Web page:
The author, one Michael Duffy, begins by relating his personal experience with Greenpeace. He was a member of the organisation until they asked him for money with the claim that 30 000 species were going extinct every year. When he asked them where they got this figure from, they couldn't come up with a good answer and he quit. He goes on to criticise the method of extrapolation used to come up with such estimates of extinction rates, and then extends his criticism to include models used to predict climate change. He gives various examples of models that didn't work, and quotes various experts saying that inconsistencies appeared between models and how things really played out. In short, he's saying that the method of computational modeling tends to over-reach, is being used to come up with policy without sound proof, and is largely a house of cards.
He concludes his article by condemning a whole branch of science:
"We often hear that the predictions accepted by the Intergovernmental Panel on Climate Change are based on "the science". It's important to realise that this is often a very different type of science to other science, the sort that explains why a jumbo jet won't fall out of the sky or why a certain treatment will cure a certain disease."
His false dichotomy of the sciences: woolly-headed models versus hard and concrete laws, falls flat in his choice of examples, which betray his lack of knowledge of how things work. It is precisely computational modeling that is used to design jumbo jets. Engineers are unable to come up with a simple explanation for how jets fly. Planes are designed not with a few computations on paper, or even by building simulations on computers, but by building models and putting them in wind tunnels because that's the only reliable way to figure out how a certain shape of airframe will behave in the air, precisely because our knowledge of fluid mechanics is insufficient to allow us to predict this reliably from first principles. By Duffy's reasoning, then, we shouldn't fly in planes because they are designed with the use of models, which is not 'real science' in his eyes. One can point to examples of planes which failed or almost failed, like the Comet airliner of the '50s and '60s, to support this foolishness.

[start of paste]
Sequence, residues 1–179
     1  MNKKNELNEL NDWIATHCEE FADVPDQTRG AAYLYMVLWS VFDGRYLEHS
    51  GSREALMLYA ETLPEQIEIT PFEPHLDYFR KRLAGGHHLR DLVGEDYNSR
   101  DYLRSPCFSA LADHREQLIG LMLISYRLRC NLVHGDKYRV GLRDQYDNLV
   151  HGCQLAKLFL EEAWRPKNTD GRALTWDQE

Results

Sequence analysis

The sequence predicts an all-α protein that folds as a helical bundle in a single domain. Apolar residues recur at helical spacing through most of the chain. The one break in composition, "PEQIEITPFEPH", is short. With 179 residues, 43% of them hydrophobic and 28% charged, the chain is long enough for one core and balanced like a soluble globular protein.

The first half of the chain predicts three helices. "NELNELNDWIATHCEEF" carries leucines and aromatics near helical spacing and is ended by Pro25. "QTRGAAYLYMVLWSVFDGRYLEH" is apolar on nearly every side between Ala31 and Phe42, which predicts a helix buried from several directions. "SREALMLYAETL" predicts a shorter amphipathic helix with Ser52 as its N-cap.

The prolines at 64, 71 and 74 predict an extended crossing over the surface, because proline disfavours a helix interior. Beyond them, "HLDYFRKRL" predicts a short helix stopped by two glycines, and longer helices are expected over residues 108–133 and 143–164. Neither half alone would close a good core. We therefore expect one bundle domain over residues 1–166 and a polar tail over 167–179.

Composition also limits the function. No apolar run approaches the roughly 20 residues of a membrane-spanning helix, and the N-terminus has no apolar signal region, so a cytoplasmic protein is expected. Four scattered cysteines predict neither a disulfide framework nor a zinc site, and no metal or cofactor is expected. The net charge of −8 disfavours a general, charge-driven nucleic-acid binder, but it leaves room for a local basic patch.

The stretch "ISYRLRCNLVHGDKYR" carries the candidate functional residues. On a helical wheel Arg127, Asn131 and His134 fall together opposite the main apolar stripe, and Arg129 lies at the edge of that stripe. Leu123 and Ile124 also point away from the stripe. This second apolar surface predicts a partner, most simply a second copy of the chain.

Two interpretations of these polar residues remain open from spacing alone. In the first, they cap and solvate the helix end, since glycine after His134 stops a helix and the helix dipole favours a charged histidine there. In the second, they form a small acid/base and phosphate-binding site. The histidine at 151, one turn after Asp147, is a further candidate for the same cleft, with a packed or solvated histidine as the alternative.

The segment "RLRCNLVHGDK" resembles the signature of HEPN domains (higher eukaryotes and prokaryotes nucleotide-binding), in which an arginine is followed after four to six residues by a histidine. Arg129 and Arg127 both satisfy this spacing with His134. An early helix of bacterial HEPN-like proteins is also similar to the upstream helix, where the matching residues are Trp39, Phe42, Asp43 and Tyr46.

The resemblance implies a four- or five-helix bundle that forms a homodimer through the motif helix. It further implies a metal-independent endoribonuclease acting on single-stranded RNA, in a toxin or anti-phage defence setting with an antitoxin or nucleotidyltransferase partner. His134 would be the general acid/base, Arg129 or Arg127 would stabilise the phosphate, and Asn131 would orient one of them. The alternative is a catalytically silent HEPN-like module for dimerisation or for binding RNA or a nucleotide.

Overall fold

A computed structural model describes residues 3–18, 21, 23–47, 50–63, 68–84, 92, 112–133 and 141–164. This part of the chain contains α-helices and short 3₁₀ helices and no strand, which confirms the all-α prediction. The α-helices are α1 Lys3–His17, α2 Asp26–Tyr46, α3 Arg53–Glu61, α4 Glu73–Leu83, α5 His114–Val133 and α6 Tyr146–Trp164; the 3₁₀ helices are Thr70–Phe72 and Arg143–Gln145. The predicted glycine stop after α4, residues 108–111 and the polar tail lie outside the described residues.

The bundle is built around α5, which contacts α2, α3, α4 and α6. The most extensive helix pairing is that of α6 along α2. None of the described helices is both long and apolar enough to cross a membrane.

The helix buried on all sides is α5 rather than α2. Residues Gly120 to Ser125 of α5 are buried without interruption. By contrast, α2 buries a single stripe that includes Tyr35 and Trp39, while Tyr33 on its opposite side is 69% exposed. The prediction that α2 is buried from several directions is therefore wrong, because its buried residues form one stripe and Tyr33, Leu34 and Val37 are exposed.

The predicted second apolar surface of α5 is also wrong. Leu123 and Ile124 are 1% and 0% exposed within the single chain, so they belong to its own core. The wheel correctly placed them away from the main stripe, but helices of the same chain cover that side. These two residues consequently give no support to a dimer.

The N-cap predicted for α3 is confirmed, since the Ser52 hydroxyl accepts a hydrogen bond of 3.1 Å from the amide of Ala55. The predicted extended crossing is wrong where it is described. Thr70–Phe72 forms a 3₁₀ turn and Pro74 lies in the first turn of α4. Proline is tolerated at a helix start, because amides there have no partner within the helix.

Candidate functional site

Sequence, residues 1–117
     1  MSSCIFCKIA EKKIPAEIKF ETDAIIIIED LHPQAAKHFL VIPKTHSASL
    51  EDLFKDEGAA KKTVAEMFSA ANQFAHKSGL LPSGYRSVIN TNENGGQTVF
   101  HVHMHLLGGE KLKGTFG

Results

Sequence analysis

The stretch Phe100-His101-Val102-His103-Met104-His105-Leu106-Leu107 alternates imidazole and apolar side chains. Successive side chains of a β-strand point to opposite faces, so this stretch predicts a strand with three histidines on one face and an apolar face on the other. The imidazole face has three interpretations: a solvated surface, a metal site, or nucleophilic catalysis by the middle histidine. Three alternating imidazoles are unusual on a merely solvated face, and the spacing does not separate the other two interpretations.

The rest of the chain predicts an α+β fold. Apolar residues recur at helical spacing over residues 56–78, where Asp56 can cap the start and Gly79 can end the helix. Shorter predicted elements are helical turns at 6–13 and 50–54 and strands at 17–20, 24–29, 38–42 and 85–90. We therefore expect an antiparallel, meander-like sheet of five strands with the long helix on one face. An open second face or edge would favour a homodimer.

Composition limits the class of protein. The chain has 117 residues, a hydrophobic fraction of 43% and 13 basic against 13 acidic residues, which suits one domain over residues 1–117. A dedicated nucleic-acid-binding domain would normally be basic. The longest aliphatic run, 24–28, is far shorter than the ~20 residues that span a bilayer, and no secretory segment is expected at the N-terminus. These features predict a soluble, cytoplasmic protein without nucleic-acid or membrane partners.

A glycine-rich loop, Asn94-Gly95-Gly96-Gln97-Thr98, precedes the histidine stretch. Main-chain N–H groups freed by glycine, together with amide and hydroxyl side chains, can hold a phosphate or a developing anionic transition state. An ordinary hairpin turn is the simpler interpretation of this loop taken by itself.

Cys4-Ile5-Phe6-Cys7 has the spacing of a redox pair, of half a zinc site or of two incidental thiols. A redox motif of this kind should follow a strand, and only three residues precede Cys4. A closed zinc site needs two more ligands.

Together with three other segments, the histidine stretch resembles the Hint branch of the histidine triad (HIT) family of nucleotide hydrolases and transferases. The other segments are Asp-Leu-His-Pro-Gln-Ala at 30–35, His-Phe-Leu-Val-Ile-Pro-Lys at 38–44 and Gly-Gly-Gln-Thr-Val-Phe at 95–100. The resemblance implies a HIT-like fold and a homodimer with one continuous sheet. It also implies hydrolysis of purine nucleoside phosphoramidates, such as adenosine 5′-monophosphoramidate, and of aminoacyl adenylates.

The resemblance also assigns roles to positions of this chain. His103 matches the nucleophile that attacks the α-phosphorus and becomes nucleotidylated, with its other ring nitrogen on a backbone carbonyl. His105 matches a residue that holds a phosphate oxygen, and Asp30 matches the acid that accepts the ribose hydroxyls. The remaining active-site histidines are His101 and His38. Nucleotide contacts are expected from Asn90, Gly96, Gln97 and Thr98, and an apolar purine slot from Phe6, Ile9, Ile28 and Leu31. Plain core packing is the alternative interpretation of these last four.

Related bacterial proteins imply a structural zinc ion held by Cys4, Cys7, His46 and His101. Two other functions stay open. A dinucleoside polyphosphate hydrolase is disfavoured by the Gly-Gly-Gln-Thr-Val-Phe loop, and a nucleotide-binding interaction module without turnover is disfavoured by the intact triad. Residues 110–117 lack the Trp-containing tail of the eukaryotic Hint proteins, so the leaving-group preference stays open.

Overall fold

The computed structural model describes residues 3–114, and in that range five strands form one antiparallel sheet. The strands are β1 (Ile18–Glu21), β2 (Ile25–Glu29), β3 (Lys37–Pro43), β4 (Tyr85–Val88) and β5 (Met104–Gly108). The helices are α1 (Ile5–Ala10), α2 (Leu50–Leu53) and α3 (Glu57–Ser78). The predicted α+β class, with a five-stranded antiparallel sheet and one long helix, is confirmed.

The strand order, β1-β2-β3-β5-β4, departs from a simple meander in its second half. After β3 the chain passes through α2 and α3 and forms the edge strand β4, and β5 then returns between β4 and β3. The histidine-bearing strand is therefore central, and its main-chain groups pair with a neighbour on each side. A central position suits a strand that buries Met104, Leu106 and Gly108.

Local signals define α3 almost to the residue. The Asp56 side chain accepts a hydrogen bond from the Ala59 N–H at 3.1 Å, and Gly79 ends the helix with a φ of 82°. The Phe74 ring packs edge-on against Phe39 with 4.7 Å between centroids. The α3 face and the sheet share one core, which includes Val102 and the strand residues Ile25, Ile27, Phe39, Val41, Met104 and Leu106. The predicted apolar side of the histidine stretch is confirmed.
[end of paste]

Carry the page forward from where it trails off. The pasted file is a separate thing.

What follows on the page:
Bringing the issue back to the environment, we cannot deny that there are species being lost. The numbers thrown around by NGOs and environmentalists vary, and personally I feel that they should be more responsible with where they get their numbers from and their sources' reliability, but species are going extinct and there is empirical evidence for this. Brook, Sodhi, and Ng's paper in Nature (424: 420-426 (24 July 2003). doi:10.1038/nature01795) for instance used species checklists over the period of Singapore's colonial occupation to the present day to determine what used to be found here and is no longer present, and from these known records extrapolated them to estimate species losses for groups of organisms which were not so well documented. But even if we ignore the inferred species extinctions ('inference' being the concept which Duffy finds so difficult to understand or accept) the recorded extinctions alone are high: more than 40% for mammals, 25% for plants, 35% for butterflies.
Furthermore, it is a logical fallacy that Duffy commits (commonly known as 'association by hand-waving') when he segues from taking issue with extinction rates to questioning climate change; as if they are both part of some great conspiracy by environmental groups to misinform the public. This gives environmentalists credit for more public and policy influence than they do have. Duffy says that we should not trust these predictions,
"...because virtual science is ripe for manipulation, usually unconsciously, by virtuous scientists. Few people are aware of the large element of subjectivity, not only in the design of immensely complicated general circulation models, but in the data that goes into them. Even basic information such as contemporary temperatures is often incomplete or uncertain and tweaked by those who operate the models."
There is not much that one can say in response to this, because it's not about evidence any more but whether one trusts the evidence and those who gather it. Well, if one cannot trust the predictions, one should at least trust the observations. If one yet refuses to trust observation, then nothing will satisfy one's critical eye.